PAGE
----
Read In Search of Lost Roses by Thomas Christopher Online


One of the most striking horticultural developments of recent years has been the reappearance of the so-called old roses, which almost vanished when the first hybrid tea rose was cultivated in 1867....

Title : In Search of Lost Roses
Author :
Rating :
ISBN : 13631368
Format Type : Library Binding
Number of Pages : 234 Pages
Status : Available For Download
Last checked : 21 Minutes ago!

In Search of Lost Roses Reviews

  • Becky Loader
    2018-11-03 01:45

    I am an amateur gardener and historian. I heard about this book from a friend who shares those two attributes, and oh, my goodness, she was right. A trek through the country looking for old type roses and meeting people and learning history provides much fodder for thought. I was especially interested in how much time was spent in old graveyards, where relatives would plant rose bushes as memorials. They unwittingly provided a treasure trove for future generations. I also was intrigued by the story of "Old Blush," the rose that is pictured in the background of the photos of Lee's surrender at Appomattox. What a wonderful story to read when there is snow on the ground! Thanks, Peggy!

  • Mary Catelli
    2018-10-28 00:34

    The author recounts both his own experience in search of old roses -- roses whose varieties predate the Hybrid Tea rose, which has taken over so thoroughly -- and various chapters of the history of the rose. A far from complete history, but it has some interesting part.The rediscovery of the true musk rose -- which, BTW, blooms in the fall, not the summer.The development of cemeteries, and how roses were planted on graves. People looking for old roses often check out old cemeteries, and take samples from the bushes they find there. Identifying them can be -- quite interesting.Roses in ancient Rome, where a farmer could do quite well with "coronary flowers" -- flowers used to make crowns at banquets. Roses were one of the best, and they prized them most for the smell -- unlike modern roses!How an archaeologist found the oldest roses known to be used in a funeral ceremony -- ancient Egyptian. Recognizably a rose still in use for that purpose.How Empress Josephine took to horticulture as Napoleon got bored with her, and part of that was the roses. (They get mentioned in her obituary.) She collected as many strains as she could which had a big impact on European rose breeding. Particularly since her husband brought back yellow roses from the Middle East. Most strains of yellow roses are descended from those yellow roes.Roses from China. The Tea roses were brought by the tea trade -- but they were called "tea" because they smelled of tea. (The author had actually smelled one of the original, authentic rose and says -- Oolong.) Many of which were taken out with the same tact and sensitivity as they got their hands on tea and silkworms. And they were, of course, renamed by their "discoverers."Roses in California. The gold rush territory is a mother lode of old roses. Carefully brought by the women and cherished there. The first man to collect them was able to actually speak to the settlers who planted them in some cases. Nowadays, there is much more fun in figuring out what they are.My rose experience is limited to checking out the local rose garden in the public park -- some years. It was still a fascinating book, full of stuff.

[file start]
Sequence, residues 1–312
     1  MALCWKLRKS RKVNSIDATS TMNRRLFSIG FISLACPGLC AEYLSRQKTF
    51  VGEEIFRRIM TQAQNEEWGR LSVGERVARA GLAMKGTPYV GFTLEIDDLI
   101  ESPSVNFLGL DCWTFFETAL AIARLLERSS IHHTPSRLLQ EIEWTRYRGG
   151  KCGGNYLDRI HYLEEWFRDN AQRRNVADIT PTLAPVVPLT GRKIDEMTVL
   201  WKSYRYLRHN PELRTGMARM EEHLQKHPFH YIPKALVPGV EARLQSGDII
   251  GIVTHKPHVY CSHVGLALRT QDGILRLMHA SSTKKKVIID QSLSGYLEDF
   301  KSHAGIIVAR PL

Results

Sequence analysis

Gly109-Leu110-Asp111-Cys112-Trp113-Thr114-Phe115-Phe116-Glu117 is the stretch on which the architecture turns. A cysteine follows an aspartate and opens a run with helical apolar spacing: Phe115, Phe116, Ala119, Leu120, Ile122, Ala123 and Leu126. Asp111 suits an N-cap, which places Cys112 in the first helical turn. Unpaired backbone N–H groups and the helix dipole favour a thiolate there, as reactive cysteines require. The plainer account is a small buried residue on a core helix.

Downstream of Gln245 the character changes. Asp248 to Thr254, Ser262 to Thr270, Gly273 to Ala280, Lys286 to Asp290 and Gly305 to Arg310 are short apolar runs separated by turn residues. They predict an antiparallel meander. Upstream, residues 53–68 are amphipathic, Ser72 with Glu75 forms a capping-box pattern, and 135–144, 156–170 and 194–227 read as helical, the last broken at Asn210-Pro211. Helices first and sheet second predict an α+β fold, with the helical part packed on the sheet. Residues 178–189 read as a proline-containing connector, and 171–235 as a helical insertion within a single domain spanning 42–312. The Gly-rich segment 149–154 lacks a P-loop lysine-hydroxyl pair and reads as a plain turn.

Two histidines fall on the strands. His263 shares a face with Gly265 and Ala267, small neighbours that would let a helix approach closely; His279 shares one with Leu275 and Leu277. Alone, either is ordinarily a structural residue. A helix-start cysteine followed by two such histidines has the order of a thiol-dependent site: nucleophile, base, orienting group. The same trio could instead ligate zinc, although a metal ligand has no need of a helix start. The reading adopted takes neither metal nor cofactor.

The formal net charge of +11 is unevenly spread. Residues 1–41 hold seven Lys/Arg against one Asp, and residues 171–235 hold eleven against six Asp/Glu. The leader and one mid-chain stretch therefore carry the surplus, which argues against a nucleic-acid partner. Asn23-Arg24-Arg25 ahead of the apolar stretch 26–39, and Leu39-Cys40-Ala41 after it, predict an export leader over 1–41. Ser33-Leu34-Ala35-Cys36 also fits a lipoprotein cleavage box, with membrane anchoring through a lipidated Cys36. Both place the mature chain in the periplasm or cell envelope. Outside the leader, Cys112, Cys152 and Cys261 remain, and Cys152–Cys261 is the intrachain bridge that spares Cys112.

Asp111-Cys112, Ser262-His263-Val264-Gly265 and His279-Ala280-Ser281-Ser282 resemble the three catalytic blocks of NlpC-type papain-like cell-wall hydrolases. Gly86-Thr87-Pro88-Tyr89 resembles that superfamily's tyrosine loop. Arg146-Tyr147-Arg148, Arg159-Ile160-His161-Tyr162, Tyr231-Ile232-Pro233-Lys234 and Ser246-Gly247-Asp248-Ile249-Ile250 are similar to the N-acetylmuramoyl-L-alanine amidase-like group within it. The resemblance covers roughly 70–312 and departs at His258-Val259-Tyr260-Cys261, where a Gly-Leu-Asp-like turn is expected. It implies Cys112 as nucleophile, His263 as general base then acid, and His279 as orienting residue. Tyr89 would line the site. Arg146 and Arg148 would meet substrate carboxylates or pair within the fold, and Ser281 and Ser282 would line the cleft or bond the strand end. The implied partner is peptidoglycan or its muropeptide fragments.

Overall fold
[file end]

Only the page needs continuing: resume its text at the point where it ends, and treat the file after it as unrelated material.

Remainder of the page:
• Jenny's Book Life
    2018-11-14 05:53